I compare the skill (using a metric called the Fractions Skill Score) of the ensemble forecasts, shown by the solid lines in Fig. 2, to a “persistence” forecast, shown by the dashed lines in Fig. 2. The persistence forecast does not use a model but instead uses observed weather from the days prior to the day being forecast to estimate the weather. The forecast is considered skilful at the spatial scale shown on the x-axis if the metric exceeds the threshold shown by the horizontal black line. The ensemble forecast is much more skilful. The larger skill at lower spatial scales means that smaller scale features can be more accurately forecast by the ensemble. Even skill five days into the ensemble forecast (shown by light grey solid line) is higher than that of the first day of the forecast based on observations (black dashed line). This means there is value in using such a forecast in all three regions.

It’s not over…

This is promising news for the use of CP models in the tropics, but questions still remain to be addressed in FORSEA:

  • How do common large scale features known to modulate SE Asia rainfall, such as the Madden Julian Oscillation or equatorial waves, influence forecast skill?
  • Shall we go smaller? This suite of forecasts also includes sub-kilometre scale forecasts. Is there benefit to using these?


Clark, P., N. Roberts, H. Lean, S. P. Ballard and C. Charlton‐Perez, 2016: Convection‐permitting models: a step‐change in rainfall forecasting. Met. Apps, 23, 165-181.

Ferrett, S., G.‐Y. Yang, S. Woolnough, et al., 2020: Linking extreme precipitation in Southeast Asia to equatorial waves. Q J R Meteorol Soc., 146, 665– 684.

Love, B.S., A. J. Matthews, and G. M. S. Lister, 2011: The diurnal cycle of precipitation over the Maritime Continent in a high‐resolution atmospheric model. Quarterly Journal of the Royal Meteorological Society137, 934– 947,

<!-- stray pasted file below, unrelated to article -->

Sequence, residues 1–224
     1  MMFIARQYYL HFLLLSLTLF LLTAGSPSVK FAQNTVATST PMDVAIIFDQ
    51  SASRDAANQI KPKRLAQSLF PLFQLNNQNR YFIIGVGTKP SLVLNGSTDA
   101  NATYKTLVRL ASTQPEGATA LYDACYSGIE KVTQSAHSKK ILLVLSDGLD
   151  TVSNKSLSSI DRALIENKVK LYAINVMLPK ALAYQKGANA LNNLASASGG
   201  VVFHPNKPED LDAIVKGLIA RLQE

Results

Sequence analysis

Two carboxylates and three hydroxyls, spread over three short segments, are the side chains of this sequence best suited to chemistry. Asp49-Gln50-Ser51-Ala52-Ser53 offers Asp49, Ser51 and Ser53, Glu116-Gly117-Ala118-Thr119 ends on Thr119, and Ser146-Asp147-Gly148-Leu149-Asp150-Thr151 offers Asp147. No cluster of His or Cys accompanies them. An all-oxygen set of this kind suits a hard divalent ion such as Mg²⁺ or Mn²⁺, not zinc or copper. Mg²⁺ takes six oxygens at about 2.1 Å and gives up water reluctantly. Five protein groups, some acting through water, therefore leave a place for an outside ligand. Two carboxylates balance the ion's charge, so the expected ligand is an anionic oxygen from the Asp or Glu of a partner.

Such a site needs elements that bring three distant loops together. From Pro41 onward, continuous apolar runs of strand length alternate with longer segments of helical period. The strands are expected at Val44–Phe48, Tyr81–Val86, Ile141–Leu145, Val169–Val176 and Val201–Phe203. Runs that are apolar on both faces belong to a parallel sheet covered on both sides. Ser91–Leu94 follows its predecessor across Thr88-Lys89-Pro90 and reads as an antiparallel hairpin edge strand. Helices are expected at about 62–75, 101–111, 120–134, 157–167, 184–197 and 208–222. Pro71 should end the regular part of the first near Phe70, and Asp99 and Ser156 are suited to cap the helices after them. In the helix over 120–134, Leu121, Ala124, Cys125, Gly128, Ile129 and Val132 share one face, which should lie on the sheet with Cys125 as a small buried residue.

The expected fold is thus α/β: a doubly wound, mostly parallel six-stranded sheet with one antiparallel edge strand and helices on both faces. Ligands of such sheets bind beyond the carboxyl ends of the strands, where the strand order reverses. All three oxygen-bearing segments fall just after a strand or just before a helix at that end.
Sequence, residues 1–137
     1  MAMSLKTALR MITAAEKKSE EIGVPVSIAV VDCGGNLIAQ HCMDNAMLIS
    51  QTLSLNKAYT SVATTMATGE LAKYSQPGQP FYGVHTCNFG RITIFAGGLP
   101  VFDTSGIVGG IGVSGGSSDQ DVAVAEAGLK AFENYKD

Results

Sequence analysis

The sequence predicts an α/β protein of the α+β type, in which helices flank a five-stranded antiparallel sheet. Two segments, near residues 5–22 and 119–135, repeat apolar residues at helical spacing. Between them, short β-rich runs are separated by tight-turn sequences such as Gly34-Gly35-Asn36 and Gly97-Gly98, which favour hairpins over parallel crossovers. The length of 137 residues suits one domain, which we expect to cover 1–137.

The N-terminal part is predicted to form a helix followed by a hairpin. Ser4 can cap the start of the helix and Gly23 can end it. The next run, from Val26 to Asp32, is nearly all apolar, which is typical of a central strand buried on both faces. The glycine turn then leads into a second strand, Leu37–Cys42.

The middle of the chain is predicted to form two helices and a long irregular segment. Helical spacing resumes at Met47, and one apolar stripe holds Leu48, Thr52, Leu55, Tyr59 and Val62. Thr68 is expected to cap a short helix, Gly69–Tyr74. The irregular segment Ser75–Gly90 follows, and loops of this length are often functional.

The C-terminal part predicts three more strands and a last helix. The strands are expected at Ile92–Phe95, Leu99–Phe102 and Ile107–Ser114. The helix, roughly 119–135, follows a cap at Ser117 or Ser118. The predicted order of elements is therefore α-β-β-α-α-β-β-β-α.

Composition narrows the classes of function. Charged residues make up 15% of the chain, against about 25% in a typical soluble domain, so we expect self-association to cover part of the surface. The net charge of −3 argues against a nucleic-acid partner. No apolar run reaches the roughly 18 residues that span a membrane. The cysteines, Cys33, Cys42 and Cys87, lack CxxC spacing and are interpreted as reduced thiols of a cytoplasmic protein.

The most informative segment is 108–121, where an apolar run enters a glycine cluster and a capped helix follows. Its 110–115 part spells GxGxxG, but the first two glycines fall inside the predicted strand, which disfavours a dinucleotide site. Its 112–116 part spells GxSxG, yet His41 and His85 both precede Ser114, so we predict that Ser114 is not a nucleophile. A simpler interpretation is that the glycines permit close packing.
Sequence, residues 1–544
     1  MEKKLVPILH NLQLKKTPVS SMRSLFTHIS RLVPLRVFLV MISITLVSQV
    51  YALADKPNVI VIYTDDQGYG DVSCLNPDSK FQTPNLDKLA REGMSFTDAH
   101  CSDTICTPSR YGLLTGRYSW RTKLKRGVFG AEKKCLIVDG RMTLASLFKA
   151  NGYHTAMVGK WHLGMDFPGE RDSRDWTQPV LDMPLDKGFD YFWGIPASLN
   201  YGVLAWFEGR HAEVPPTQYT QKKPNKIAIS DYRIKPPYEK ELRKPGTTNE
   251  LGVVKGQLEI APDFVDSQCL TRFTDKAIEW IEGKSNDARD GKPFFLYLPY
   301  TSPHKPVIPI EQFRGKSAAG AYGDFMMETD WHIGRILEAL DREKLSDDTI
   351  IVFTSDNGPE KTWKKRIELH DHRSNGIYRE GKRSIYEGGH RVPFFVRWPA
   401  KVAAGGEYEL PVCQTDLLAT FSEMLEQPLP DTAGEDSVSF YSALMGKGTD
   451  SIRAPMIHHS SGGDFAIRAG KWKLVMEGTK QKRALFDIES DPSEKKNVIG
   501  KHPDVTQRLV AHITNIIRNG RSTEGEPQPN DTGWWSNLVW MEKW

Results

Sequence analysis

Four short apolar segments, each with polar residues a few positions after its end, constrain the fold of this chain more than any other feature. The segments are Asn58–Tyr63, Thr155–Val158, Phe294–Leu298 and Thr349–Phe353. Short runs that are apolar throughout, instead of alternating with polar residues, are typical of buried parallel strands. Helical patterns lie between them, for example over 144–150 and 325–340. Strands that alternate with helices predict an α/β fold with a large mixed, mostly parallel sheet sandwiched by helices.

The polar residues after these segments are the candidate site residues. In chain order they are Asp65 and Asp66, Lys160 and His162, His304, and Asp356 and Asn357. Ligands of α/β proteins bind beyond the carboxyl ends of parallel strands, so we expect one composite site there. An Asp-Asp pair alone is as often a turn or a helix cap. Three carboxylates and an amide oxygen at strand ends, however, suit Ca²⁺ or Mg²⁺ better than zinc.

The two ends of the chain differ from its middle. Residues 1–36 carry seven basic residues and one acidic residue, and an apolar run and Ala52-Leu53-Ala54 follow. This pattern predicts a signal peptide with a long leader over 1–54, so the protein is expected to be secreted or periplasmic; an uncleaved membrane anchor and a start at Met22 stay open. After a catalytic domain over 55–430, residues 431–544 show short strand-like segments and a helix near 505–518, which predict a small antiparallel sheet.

Roberts, N.M. and H.W. Lean, 2008: Scale-Selective Verification of Rainfall Accumulations from High-Resolution Forecasts of Convective Events. Mon. Wea. Rev., 136, 78–97,

Posted in Numerical modelling, Rainfall, Weather forecasting | Leave a comment

Sunshine, cracks, fly-tipping, aphids: Phew, what a May!

By: Roger Brugge

Those spending more time in their gardens and in local parks and woods in and around Reading due to the current lockdown situation will have noticed how the ground surface had been resembling the look and feel of a badly-laid concrete patio – grey in colour, very hard, somewhat uneven and with some rather large cracks. It has very definitely dried out since I was sliding around in the mud in my local woods while walking my dogs this past winter.

Cracks in the ground in the Maidenhead Thicket woods.

Indeed, in my home location of Boyn Hill in west Maidenhead, May 2020 was the second driest May since before 1859.

Monthly rainfall totals during May for the Boyn Hill area of Maidenhead, 1859-2020.

Compared to an average May rainfall of 53 mm, just 2.7 mm fell this year on two days. In fact, the rainfall spells lasted barely 40 minutes in total. If we go back to 1990, we find our driest May when 2.1 mm fell – while in 1979 we had our wettest May with 126 mm of precipitation.